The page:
The Chinese Communist regime has significantly weakened, if not abolished, the power of one of its most deadly and notorious agencies: the “610 Office,” an extra-legal party organization similar to the Nazis’ Gestapo.
The move was part of a broad set of structural reforms that were passed during the Party’s recent rubber-stamp parliament sessions.
The 610 Office was established by former Chinese Communist Party leader Jiang Zemin on June 10, 1999—hence its name—for the sole purpose of carrying out the persecution of Falun Gong, a meditation practice with moral teachings based three principles: truthfulness, compassion, and tolerance.
Under the notion that the group’s popularity would undermine the Party’s authority, Jiang mobilized the state’s security and propaganda apparatuses to arrest and detain Falun Gong adherents, while slandering the practice to turn public opinion against Falun Gong.
Functioning without approval from the Party’s rubber-stamp legislature, the National People’s Congress, or the 25-member Politburo made up of Party elites, the 610 office has never had a legal basis for its existence.
Yet, under the leadership of the 610 Office, Falun Gong practitioners have been arbitrarily sentenced to labor camps, prison, or brainwashing centers. Thousands have been tortured to death or disability since 1999, according to the U.S.-based research nonprofit, the World Organization to Investigate the Persecution of Falun Gong. The 610 office is also involved in state-sanctioned forced organ harvesting of prisoners of conscience, resulting in large numbers of unexplained deaths. Most of them are Falun Gong practitioners, according to researchers.
The 610 Office derived authority from its connection with the Political and Legal Affairs Commission (PLAC). The first two heads of the 610 Office, Luo Gan and Zhou Yongkang, also headed the PLAC.
Previously, the regional directors of the 610 Office at the provincial and municipal levels were also the secretaries or deputy secretaries of the provincial or municipal PLAC. Under that arrangement, the 610 Office could dispatch all elements of China’s security apparatus—the public security (police), state security, judicial, and prosecutorial systems—to persecute Falun Gong practitioners.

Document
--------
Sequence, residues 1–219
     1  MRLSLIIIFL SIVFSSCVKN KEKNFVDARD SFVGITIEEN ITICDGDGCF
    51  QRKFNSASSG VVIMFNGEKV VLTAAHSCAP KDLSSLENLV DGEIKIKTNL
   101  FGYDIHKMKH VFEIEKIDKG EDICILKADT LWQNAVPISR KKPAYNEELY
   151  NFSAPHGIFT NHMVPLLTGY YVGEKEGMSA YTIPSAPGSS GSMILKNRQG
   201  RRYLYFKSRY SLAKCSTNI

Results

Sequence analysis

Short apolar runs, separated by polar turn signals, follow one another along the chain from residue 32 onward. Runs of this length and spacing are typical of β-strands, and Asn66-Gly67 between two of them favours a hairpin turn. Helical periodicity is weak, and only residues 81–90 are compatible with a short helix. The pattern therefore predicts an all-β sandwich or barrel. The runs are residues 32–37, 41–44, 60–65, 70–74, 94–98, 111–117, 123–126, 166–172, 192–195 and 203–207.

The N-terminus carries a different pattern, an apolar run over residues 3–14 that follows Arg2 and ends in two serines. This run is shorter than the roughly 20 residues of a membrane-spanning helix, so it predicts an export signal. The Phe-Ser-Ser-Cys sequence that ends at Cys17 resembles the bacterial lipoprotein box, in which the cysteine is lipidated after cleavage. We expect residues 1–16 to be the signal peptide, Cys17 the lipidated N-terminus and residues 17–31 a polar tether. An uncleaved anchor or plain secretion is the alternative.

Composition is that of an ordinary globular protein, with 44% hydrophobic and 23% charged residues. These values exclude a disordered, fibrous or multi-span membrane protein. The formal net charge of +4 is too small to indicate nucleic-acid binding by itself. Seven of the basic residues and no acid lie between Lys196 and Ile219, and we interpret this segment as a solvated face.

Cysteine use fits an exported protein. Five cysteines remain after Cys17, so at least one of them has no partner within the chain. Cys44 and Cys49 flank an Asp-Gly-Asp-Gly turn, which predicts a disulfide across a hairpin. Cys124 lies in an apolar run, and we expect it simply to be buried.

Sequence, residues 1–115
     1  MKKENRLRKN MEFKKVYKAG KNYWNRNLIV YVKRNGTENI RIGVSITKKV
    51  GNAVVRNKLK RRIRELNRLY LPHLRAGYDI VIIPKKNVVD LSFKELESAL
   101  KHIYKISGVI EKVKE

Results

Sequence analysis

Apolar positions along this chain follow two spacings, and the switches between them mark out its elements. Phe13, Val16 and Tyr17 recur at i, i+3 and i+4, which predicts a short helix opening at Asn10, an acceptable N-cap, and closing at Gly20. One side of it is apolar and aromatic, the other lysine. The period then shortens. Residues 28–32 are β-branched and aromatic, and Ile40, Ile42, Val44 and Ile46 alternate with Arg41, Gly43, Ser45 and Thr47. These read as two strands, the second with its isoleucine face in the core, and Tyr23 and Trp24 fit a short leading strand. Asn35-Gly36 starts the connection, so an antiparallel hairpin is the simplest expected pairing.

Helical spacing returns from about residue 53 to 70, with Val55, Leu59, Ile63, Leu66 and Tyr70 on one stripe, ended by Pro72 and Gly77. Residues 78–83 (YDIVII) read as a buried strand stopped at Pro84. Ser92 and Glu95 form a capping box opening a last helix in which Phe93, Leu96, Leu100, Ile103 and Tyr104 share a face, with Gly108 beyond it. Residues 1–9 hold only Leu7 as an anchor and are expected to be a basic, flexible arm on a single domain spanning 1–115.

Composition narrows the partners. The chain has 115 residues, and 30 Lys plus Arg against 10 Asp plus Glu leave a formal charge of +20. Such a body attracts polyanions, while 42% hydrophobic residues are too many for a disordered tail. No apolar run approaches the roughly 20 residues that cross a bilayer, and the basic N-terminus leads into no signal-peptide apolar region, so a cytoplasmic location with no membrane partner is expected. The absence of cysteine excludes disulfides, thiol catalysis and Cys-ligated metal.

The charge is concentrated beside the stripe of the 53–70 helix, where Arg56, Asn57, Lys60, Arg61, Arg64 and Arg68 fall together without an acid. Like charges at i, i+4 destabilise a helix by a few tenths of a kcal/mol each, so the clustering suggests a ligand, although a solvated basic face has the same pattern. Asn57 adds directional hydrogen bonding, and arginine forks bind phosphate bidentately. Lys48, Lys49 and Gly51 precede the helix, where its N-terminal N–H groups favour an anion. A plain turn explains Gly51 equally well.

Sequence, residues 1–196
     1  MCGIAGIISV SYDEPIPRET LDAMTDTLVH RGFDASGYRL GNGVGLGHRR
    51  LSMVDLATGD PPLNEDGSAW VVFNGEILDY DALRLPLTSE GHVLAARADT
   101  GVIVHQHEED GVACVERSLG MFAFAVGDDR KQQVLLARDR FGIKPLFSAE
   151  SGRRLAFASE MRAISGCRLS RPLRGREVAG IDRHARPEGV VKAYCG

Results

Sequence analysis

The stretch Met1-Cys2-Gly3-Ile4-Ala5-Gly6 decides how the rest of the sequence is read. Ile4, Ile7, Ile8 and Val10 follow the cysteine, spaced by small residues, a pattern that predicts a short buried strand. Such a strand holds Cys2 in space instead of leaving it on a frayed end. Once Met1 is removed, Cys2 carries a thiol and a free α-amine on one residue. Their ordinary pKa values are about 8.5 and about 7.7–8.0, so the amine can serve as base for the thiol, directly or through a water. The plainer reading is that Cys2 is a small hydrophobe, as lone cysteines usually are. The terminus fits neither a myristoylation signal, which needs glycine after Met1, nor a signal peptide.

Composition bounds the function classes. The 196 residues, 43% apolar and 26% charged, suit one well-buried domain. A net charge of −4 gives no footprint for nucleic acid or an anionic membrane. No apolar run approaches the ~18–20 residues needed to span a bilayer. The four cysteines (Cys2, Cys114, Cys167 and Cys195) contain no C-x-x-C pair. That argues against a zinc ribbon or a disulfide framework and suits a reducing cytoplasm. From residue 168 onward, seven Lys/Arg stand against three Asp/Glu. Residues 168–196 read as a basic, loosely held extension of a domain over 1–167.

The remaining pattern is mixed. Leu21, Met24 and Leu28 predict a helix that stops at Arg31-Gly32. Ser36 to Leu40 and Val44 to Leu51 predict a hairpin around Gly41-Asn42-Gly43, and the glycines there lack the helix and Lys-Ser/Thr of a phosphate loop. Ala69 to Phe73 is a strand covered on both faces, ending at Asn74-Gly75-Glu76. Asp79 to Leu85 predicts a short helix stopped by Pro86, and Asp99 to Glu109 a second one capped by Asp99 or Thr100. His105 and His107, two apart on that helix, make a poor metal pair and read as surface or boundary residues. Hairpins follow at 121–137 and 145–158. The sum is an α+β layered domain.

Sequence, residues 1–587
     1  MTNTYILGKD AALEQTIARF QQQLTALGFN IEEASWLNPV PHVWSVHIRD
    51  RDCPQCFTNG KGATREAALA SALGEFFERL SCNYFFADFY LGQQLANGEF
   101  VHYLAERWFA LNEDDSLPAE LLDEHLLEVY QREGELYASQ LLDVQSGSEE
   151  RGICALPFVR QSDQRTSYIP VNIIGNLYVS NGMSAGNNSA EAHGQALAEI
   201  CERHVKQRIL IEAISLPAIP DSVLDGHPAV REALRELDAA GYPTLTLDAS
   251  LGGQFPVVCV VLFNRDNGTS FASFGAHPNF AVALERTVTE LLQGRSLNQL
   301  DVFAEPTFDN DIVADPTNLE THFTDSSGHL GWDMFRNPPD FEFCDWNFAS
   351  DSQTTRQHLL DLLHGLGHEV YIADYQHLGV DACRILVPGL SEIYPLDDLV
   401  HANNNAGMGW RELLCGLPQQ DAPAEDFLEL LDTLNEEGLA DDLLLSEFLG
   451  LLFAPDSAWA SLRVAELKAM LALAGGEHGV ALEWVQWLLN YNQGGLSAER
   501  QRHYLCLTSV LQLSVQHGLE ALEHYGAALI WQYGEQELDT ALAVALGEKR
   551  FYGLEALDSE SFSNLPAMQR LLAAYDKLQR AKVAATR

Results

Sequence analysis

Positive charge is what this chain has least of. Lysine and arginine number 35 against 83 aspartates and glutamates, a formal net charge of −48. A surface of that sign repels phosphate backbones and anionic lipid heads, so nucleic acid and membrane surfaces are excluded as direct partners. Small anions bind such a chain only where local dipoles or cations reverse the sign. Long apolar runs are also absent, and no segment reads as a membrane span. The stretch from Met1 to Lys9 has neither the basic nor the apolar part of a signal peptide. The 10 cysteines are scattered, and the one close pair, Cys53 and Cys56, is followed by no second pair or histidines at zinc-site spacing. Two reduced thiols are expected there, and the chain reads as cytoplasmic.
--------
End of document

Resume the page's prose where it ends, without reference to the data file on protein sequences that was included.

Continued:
Former 610 Office official Hao Fengjun had previously disclosed that most members of the agency, estimated at about 15,000 staff, are also members of the PLAC.
On March 21, the Party published a document announcing its reforms, including merging three security forces dedicated to suppressing dissents and subsuming them under the PLAC. One of them is the “Central Office for Guarding Against and Handling Heretical Religion Issues,” also known as the 610 Office. The other two offices that were dissolved are the “Central Public Security Comprehensive Management Commission” and “Central Stability Maintenance Work Office.”
Under the new arrangement, the duties of the 610 Office are now being relegated to the PLAC and the Ministry of Public Security instead. While the document did not outright state that the 610 Office was abolished—something that was explicitly stated for the other two security forces—many observers believe the proposal implies such. However, the PLAC and Ministry of Public Security will likely still carry out the persecution of Falun Gong, an anonymous legal scholar in China told The Epoch Times.
The new policy continues efforts by current Party leader Xi Jinping to weaken the PLAC and the 610 Office. When Xi came to power in 2012, he removed the PLAC secretary from the Politburo Standing Committee—the Party’s most powerful decision-making body, significantly shrinking its authority.
Later, former heads of the 610 system, including former PLAC secretary Zhou Yongkang, his top aide, Zhou Benshun, and former 610 Office director Li Dongsheng, were purged from the Party and sentenced to prison.
Xi’s sweeping anti-corruption campaign has purged many officials loyal to former leader Jiang—an opposition faction. Those officials had shown their political allegiance to Jiang by participating in his persecution of Falun Gong.
As of August 2016, 15.1 percent of 610 officials had been investigated, indicted, sentenced, disciplined, or purged, according to Minghui.org, a U.S.-based website that serves as a clearinghouse for information about the persecution of Falun Gong in China.
Xin Ziling, former president of the state-affiliated Chinese Military Academy Press, disclosed that the Xi leadership has been trying to eliminate the 610 Office.
“The 610 Office is something awkward,” he told independent Chinese broadcaster New Tang Dynasty Television in a telephone interview. “It is neither a government organization, nor does it serve in any legal capacity. When Jiang Zemin failed to pass a proposal to suppress Falun Gong through the central authorities, he held a meeting of high-level cadres, gathered all his supporters, and set up such an organization.”
Prominent Chinese human rights lawyer Gao Zhisheng wrote in his open letter to Party leaders in 2005: “The 610 Office is a criminal organization that surpasses the power of the regime itself. It can manipulate and control all political resources of the regime, exerting a kind of power that not even a constitution or nation can grant.”